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The Town of Huntersville is one of three small towns in north Mecklenburg County. It lies along Interstate 77, just 12 miles north of Charlotte's center city and 20 minutes from Charlotte-Douglas International Airport. It is within a 10-minute drive of Lake Norman, a major recreation area. Historically an agricultural community with a small textile mill and a modest commercial area along a north-south railroad spur, Huntersville remained insulated from metropolitan area growth until the late 1980's. However with the advent of the 1990's, growth exploded, resulting in a 728% population increase from 1990 to 2000. The 2010 census figure for the Town's population is 46,773. Our ETJ has an estimated additional 2,994 people. Town development regulations govern an area of approximately 64 square miles, which includes the corporate town limits and a large extraterritorial zoning jurisdiction (ETJ). Along with the towns of Davidson and Cornelius, its neighbors on to the north, Huntersville has dramatically remodeled its development regulations following a multi-year process of public participation.

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In an effort to preserve the small town quality of life and avoid the faceless suburban sprawl consuming the Charlotte region, town officials initiated a strategic land plan. The plan, developed during 1994-95, established a vision for the physical development of the town and surrounds, then defined a series of action steps to move the area toward that vision. A one-year moratorium on new development was enacted to forestall additional devastation of the countryside until a new code of development regulations could be drafted and adopted. By the end of 1996, the new code was in place. It requires that new and infill development follow the principles of traditional development in the town’s urbanized area. It shapes development patterns to anchor the town on a proposed rapid rail corridor along the little-used north-south rail spur, and makes an initial attempt to preserve rural vistas in outlying areas east and west of the town.

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The new development code is performance-based, with stringent urban design requirements. All new developments must be built on a fine-grained network of low-speed pedestrian-oriented public streets that are configured into blocks and connected into adjacent properties. The result, over time, will be an interconnected street system that is safe and accessible to pedestrians and cyclists, as well as automobiles. However, having met the requirements for streets and other public spaces, the developer finds immense flexibility to meet market demands for housing type, housing density, and mixed uses. For example, the predominant in-town residential zoning district is not regulated by housing density or by minimum lot size. Density in this district is irrelevant.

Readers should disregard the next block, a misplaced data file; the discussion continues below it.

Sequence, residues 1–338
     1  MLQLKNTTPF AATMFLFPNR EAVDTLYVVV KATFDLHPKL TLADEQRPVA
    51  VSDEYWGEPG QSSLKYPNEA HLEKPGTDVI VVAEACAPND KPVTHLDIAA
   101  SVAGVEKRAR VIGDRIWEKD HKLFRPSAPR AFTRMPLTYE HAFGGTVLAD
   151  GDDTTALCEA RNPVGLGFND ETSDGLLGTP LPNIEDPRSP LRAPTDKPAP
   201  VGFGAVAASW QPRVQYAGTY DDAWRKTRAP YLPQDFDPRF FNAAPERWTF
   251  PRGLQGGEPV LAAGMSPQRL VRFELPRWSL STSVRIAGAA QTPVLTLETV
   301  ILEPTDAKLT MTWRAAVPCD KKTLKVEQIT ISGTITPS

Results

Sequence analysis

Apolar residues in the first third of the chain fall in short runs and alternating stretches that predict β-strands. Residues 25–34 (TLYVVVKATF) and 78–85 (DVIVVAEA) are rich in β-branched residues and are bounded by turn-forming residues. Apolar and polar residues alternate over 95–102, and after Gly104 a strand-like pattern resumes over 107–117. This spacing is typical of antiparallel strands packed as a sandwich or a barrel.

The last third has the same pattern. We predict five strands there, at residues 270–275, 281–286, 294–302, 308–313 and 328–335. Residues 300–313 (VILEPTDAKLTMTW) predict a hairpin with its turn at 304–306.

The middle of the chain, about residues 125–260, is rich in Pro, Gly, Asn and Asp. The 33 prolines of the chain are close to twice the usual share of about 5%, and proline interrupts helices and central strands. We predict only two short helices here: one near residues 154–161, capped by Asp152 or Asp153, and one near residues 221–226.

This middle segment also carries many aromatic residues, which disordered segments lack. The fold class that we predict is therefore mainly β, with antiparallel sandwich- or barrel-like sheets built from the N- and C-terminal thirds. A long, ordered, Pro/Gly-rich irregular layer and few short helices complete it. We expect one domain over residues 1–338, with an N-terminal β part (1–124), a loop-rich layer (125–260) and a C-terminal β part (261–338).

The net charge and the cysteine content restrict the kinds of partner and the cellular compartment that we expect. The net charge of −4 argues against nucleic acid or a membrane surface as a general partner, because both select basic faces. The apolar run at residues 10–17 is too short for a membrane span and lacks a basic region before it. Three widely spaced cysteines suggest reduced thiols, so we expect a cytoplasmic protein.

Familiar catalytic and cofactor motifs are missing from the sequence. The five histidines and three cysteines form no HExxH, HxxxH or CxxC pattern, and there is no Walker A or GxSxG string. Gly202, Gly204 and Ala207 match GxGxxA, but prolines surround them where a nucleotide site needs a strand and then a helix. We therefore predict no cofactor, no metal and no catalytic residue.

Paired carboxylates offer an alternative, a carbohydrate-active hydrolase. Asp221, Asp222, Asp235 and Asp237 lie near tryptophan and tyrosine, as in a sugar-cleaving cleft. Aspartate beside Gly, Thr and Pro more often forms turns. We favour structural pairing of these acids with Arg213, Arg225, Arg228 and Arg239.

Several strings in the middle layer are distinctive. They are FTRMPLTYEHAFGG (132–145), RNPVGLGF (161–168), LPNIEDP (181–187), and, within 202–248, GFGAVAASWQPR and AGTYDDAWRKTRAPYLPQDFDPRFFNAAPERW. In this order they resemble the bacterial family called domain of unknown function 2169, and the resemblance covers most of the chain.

As a matter of right, apartments or other forms of attached housing may constitute up to 30 percent of the housing units in a major subdivision. Apartments and attached homes are permitted by-right on individual infill lots. Each single family home, attached or detached, is allowed one accessory dwelling, unrestricted as to occupancy. At urban intersections and along major streets, commercial uses with second floor apartments are permitted by-right. If developers take advantage of the ordinance’s flexibility, housing should become more accessible to a broad spectrum people of various incomes and ages. Small-scale commercial uses providing opportunities for shopping and employment will be located within easy walking distance of homes. This development form also reduces the likelihood that new housing will be formed into pockets of economic homogeneity. The most touted new development project in Huntersville includes a variety of housing types and small commercial buildings, and makes seamless street connections into an existing low to moderate-income minority neighborhood.